47. Telegram From the Embassy in France to the Department of State 1
6237. Germany and Europe: I told General De Gaulle that I thought some clarification from him as to what particular differences he saw between France and the United States in regard to Europe might be useful if he would give them to me. He immediately said that he did not think that our differences were really very much a matter of principle; he thought more a matter of time and he emphasized in this connection that when he said reunification of Germany would result from the evolution of Europe he did not in any sense envisage that the U.S. would not participate in and be a party to any final arrangements for [Page 96] the unification of Germany. He did think however that any unification would require the consent of the neighboring states as to frontiers, which was obvious, and also, he felt, a prior agreement somewhat like the Paris Agreements in regard to the prohibition of nuclear weapons. He said in this connection Germany lost the war and should be expected to pay for it.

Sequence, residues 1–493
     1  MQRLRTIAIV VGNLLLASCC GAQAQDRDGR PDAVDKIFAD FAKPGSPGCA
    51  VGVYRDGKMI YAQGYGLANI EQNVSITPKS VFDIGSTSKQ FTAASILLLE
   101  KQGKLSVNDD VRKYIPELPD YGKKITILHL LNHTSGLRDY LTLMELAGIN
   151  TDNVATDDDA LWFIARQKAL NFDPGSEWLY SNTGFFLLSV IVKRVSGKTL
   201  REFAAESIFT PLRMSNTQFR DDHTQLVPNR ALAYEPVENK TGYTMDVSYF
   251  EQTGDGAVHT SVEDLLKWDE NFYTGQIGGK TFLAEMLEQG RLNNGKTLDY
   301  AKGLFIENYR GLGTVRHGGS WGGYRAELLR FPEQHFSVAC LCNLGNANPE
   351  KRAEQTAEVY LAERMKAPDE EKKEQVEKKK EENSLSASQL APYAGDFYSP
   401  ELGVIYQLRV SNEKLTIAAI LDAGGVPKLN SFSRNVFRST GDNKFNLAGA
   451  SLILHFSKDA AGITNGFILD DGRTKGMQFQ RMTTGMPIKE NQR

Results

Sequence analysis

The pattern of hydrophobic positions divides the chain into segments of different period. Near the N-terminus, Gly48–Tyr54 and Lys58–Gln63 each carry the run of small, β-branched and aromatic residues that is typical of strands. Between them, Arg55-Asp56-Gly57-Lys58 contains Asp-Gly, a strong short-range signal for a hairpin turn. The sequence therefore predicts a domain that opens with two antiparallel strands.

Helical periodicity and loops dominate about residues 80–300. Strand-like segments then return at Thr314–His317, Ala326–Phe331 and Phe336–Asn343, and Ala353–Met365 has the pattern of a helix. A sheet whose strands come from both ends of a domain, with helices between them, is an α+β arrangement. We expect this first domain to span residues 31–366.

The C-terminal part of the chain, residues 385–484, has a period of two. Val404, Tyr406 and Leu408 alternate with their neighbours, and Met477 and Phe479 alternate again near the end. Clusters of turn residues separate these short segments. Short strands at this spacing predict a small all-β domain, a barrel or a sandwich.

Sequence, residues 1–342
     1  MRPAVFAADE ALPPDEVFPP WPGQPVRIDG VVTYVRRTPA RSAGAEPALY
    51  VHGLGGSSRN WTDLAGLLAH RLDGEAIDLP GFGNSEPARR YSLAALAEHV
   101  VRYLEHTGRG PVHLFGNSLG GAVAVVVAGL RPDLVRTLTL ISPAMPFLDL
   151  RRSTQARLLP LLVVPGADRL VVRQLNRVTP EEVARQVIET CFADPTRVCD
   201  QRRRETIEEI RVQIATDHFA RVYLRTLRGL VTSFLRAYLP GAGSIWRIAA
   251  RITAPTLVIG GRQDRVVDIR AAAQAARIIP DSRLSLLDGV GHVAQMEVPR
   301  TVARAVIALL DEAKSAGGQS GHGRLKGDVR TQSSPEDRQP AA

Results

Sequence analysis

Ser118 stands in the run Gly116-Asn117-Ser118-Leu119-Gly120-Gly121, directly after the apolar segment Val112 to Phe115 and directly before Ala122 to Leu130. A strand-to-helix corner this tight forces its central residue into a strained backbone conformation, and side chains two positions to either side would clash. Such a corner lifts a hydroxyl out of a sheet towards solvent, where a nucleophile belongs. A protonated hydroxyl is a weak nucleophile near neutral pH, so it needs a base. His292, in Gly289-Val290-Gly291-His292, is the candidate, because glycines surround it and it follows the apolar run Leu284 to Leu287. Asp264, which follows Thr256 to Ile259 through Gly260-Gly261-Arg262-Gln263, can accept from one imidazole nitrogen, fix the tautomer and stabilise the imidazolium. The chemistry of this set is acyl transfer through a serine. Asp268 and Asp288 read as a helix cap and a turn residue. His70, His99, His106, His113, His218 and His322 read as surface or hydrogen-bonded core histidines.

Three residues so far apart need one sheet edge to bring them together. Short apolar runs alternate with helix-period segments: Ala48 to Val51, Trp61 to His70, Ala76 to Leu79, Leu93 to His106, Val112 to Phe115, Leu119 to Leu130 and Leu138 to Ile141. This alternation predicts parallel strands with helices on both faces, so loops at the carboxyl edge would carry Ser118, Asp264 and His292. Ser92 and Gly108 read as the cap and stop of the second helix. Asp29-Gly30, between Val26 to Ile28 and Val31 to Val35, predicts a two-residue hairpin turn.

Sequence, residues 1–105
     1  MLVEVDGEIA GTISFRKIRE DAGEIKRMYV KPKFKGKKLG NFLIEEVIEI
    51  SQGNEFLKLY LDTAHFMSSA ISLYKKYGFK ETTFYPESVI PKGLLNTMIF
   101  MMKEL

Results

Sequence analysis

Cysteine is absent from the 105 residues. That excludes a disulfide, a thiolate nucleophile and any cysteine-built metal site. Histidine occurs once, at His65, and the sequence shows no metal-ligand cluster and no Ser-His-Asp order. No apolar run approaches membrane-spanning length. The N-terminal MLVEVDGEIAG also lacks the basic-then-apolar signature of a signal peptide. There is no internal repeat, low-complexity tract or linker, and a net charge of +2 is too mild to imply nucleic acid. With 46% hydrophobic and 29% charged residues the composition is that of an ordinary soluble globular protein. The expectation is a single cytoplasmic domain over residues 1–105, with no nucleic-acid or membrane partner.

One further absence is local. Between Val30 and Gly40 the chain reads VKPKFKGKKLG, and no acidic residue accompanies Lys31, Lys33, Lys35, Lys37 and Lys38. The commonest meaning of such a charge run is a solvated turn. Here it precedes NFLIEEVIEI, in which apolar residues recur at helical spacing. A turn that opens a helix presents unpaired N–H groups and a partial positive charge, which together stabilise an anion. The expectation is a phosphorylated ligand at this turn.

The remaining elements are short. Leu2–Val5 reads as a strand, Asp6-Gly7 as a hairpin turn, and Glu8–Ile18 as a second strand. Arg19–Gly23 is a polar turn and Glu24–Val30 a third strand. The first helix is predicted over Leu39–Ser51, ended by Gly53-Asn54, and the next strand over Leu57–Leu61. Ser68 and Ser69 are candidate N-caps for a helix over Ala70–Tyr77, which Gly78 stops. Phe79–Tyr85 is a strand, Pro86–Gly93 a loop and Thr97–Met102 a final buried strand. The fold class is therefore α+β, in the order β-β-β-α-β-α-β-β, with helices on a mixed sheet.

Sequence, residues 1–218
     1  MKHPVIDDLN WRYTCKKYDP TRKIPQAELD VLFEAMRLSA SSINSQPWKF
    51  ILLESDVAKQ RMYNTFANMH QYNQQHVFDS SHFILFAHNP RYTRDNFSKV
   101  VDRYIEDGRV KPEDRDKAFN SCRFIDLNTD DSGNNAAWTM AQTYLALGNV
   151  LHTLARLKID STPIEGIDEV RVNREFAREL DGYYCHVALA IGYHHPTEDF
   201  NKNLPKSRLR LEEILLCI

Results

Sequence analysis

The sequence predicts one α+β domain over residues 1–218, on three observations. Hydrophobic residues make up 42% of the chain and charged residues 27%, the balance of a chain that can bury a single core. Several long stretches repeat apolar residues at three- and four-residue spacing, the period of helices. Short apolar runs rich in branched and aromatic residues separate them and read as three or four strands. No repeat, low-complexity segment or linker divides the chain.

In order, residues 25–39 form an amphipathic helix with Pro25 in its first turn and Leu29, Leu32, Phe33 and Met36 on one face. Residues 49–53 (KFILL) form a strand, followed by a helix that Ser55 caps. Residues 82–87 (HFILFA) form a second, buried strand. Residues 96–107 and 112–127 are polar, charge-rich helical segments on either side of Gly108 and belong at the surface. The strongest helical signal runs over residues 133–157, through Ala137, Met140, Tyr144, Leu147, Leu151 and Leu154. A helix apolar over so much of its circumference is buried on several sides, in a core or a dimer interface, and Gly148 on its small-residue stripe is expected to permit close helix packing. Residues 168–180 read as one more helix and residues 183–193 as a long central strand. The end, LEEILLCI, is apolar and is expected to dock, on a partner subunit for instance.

On the subject of Europe he made the interesting comment or charge that the other members of the Six, Germany, Italy, Holland, Belgium, Luxembourg, were not in favor of the unification of Europe because it was very convenient for them to have America assure their security and conduct their foreign policy. I told de Gaulle that I had understood that the Germans in particular were pressing for action in regard to European unification, which he dismissed with a wave of his hand on the ground that Erhard was in an election year and would make these gestures but really didn’t mean them very much.
De Gaulle however did not seem willing to pursue the subject of the attitude of the other European countries towards European unification.
The conversation then led into the subject of NATO which will be covered in a separate message.2
- Source: Johnson Library, National Security File, Memos to the President, McGeorge Bundy, Vol. 10. Secret;Limdis. Repeated to London and Bonn.↩
- For Bohlen’s report on this part of his discussion, see Foreign Relations, 1964–1968, vol. XIII, Document 83. Bohlen also reported on his discussion with De Gaulle about the Gromyko visit in telegram 6236 from Paris, May 4. (Johnson Library, National Security File, Memos to the President, McGeorge Bundy, Vol. 10)↩